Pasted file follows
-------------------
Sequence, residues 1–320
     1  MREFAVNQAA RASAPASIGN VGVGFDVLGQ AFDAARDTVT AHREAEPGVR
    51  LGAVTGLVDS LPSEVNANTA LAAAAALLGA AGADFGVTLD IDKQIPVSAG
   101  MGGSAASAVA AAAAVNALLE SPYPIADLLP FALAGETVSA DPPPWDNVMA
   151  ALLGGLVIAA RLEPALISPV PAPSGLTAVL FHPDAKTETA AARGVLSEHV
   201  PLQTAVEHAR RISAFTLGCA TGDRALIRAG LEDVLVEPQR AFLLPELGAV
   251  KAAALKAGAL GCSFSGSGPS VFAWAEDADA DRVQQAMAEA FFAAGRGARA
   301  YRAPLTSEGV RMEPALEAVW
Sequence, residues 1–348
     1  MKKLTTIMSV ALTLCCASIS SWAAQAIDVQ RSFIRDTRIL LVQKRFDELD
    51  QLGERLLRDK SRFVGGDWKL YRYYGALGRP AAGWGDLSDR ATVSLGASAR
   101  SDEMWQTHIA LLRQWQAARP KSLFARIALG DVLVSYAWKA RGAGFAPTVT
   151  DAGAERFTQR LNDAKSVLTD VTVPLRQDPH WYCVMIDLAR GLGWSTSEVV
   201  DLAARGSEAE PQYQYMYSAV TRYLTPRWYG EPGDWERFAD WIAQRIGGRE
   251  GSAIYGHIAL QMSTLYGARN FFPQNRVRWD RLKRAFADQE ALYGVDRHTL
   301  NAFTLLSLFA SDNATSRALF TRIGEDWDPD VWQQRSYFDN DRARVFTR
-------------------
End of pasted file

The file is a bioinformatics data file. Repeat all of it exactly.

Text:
Sequence, residues 1–320
     1  MREFAVNQAA RASAPASIGN VGVGFDVLGQ AFDAARDTVT AHREAEPGVR
    51  LGAVTGLVDS LPSEVNANTA LAAAAALLGA AGADFGVTLD IDKQIPVSAG
   101  MGGSAASAVA AAAAVNALLE SPYPIADLLP FALAGETVSA DPPPWDNVMA
   151  ALLGGLVIAA RLEPALISPV PAPSGLTAVL FHPDAKTETA AARGVLSEHV
   201  PLQTAVEHAR RISAFTLGCA TGDRALIRAG LEDVLVEPQR AFLLPELGAV
   251  KAAALKAGAL GCSFSGSGPS VFAWAEDADA DRVQQAMAEA FFAAGRGARA
   301  YRAPLTSEGV RMEPALEAVW
Sequence, residues 1–348
     1  MKKLTTIMSV ALTLCCASIS SWAAQAIDVQ RSFIRDTRIL LVQKRFDELD
    51  QLGERLLRDK SRFVGGDWKL YRYYGALGRP AAGWGDLSDR ATVSLGASAR
   101  SDEMWQTHIA LLRQWQAARP KSLFARIALG DVLVSYAWKA RGAGFAPTVT
   151  DAGAERFTQR LNDAKSVLTD VTVPLRQDPH WYCVMIDLAR GLGWSTSEVV
   201  DLAARGSEAE PQYQYMYSAV TRYLTPRWYG EPGDWERFAD WIAQRIGGRE
   251  GSAIYGHIAL QMSTLYGARN FFPQNRVRWD RLKRAFADQE ALYGVDRHTL
   301  NAFTLLSLFA SDNATSRALF TRIGEDWDPD VWQQRSYFDN DRARVFTR